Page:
The history of Playboy, beginning in Chicago

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CHICAGO (FOX 32 News) - What is Playboy magazine without nudity?

The media company is hoping to become a 'classier version of Vice’; provocative in its thoughtful stories for men, rather than its pictures. It’s how Hugh Hefner started his career in Chicago as a promotions copywriter for Esquire. And now, it's how the PG-13 version of Playboy magazine hopes to boost sagging sales.

The man behind Playboy, Hugh Hefner, grew up in Montclare on Chicago’s Northwest Side. He created Playboy in 1953.

From there, Hefner would use Chicago to grow Playboy from pin-up magazine to global empire.

In 1959, Hefner purchased the original Playboy mansion at 1340 North State Parkway on Chicago’s Gold Coast. It became a symbol for Hefner's image as the ultimate 'Playboy.'

"He controls his kingdom from a 7 foot circular vibrating bed,” it was said in 1966.

And if that bed could talk, the stories it would tell.

Besides hosting legendary parties with A-list stars of the day, the mansion was also home to several Playboy bunnies who lived in the bunny dormitories on the 3rd and 4th floors.

There’s also the famous plate over the doorbell, which in Latin means 'if you don't swing, don't ring.'

Hefner opened the first Chicago Playboy Club in 1960 at 116 East Walton Street.

"The Playboy Club Chicago, built on the simple principle that most people like to look at pretty girls," it was said in 1966.

In just the first month of operation, nearly 17 thousand turned out to look at 'pretty girls.'

A few years later, the Palmolive Building at 919 North Michigan became the new home to the Playboy Club. The 9-foot Playboy sign on top of the building made it hard to miss the Playboy presence in Chicago.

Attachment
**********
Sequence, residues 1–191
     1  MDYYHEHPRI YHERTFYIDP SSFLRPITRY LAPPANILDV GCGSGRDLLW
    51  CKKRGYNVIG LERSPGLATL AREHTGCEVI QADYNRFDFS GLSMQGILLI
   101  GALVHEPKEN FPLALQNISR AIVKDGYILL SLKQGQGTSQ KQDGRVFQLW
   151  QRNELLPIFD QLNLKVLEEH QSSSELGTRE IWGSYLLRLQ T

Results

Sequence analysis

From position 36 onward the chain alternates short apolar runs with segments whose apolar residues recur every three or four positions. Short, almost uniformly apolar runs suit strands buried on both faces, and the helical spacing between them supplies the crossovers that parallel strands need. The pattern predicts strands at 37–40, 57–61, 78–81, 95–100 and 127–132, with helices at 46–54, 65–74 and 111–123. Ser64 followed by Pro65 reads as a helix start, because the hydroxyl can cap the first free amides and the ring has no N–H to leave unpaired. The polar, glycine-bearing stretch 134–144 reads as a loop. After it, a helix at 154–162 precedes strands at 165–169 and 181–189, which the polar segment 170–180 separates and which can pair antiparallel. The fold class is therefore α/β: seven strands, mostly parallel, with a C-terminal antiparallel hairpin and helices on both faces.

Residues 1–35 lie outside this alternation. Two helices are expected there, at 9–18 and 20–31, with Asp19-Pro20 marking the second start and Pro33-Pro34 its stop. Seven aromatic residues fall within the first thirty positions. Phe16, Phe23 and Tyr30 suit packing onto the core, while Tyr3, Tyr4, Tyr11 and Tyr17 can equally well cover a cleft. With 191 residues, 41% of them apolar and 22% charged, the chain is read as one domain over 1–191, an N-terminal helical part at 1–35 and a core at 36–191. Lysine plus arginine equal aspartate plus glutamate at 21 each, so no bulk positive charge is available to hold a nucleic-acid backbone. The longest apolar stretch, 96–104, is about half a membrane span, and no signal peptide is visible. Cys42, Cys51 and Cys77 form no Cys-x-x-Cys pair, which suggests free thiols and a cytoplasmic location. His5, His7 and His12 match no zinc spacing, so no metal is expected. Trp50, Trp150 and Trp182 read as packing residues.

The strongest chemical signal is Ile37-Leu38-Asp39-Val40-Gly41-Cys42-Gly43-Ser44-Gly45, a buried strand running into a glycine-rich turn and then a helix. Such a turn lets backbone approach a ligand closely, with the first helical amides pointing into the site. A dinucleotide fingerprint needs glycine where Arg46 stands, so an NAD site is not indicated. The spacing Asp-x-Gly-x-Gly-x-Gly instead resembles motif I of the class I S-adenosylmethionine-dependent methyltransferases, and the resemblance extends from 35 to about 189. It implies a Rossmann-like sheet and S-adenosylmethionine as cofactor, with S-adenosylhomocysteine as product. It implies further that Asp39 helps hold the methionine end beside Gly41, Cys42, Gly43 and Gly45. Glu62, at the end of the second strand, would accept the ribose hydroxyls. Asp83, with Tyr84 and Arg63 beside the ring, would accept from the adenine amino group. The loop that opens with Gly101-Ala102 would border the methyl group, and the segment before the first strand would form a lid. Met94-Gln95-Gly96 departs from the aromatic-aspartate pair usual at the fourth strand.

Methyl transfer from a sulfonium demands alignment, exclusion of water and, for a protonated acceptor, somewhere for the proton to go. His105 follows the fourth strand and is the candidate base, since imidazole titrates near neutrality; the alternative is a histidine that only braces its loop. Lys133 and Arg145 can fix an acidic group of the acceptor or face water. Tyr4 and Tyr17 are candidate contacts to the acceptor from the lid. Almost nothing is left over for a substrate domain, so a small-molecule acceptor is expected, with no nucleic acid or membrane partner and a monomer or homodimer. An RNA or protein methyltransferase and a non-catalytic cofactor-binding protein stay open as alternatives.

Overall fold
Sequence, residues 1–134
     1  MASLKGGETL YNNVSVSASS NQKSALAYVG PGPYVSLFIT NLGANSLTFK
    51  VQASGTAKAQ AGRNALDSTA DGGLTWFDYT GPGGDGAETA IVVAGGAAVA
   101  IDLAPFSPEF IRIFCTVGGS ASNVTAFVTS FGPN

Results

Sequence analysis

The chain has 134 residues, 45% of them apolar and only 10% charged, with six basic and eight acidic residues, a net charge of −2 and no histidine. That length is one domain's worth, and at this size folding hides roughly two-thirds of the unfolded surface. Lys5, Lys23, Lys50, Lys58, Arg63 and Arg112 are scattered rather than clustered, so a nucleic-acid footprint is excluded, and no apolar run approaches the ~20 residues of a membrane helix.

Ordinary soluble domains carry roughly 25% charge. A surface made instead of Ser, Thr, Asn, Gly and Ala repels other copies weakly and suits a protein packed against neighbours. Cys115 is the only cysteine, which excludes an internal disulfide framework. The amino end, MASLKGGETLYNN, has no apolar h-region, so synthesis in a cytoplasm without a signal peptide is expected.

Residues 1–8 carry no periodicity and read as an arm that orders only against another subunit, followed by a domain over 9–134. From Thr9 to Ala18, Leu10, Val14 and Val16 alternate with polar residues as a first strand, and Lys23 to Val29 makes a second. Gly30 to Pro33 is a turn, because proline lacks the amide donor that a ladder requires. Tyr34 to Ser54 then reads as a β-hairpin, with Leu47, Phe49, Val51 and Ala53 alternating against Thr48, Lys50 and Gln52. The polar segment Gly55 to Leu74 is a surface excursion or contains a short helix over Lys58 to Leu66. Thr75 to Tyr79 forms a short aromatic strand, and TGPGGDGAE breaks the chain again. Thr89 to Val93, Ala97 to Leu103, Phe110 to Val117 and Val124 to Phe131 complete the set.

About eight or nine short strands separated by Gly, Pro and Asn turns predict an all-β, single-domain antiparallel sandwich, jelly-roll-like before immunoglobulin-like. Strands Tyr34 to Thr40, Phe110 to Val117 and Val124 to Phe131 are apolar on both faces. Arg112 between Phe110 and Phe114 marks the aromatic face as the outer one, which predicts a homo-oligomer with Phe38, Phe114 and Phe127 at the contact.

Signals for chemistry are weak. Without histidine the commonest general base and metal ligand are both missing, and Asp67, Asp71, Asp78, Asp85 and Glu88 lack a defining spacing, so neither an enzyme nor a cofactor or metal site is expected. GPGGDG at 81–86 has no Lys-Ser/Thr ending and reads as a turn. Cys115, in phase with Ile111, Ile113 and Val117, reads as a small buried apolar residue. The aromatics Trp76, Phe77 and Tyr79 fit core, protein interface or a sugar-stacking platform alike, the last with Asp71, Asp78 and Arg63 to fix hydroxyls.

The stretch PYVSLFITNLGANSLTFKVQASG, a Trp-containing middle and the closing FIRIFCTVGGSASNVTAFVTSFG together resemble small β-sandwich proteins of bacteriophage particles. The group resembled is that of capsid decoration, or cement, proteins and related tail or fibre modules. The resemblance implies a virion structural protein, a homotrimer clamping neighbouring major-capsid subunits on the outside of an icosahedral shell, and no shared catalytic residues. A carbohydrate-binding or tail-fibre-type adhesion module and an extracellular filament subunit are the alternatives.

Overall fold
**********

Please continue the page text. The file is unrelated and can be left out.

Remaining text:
In a 1966 interview, from the mansion, Hefner explained the basic concept of Playboy.

"Relaxed urban living, good food and drink, pretty girls and good entertainment," Hefner said.

Clubs, mansions, and playboy's headquarters were all located at 680 North Lakeshore Drive. Chicago was the epi-center of the Playboy world.

But Hefner himself said in a 2010 documentary that his “roots come from Chicago, my dreams came from Hollywood." The mansion moved and the clubs closed, but the headquarters remained until 2012.

In a farewell letter to the Tribune that same year, Hefner said "playboy could not have happened anywhere else but Chicago."

Since playboy's website went nude-free last August, it’s grown from 4 million unique users a month to 16 million. But that's mainly because Facebook and other social media companies  would not allow Playboy to post nudity.

More than 16 million people now follow Playboy's non-nude Facebook page.


LOS ANGELES (AP) — For generations, teenage boys got their first look at a naked woman from Playboy, often from a copy swiped from Dad's sock drawer or filched from a newsstand.

These days, however, you can see far more explicit photos on your phone than anything Hugh Hefner probably imagined when he launched his pioneering skin magazine 62 years ago with a centerfold of Marilyn Monroe.

Which is why, Playboy announced this week, it will stop running nude photos in its U.S. print edition.

"You're now one click away from every sex act imaginable for free. And so it's just passé at this juncture," Playboy Enterprises CEO Scott Flanders told The New York Times, which first reported the change.

In a move Playboy said had the blessing of the 89-year-old Hefner, the magazine will continue to publish what it called "sexy, seductive pictorials of the world's most beautiful women." But those women will presumably have some clothes on.